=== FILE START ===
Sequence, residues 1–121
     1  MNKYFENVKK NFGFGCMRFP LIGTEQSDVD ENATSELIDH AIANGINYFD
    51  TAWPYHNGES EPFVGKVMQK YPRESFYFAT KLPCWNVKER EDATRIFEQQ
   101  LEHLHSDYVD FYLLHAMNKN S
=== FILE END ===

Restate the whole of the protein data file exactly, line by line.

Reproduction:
Sequence, residues 1–121
     1  MNKYFENVKK NFGFGCMRFP LIGTEQSDVD ENATSELIDH AIANGINYFD
    51  TAWPYHNGES EPFVGKVMQK YPRESFYFAT KLPCWNVKER EDATRIFEQQ
   101  LEHLHSDYVD FYLLHAMNKN S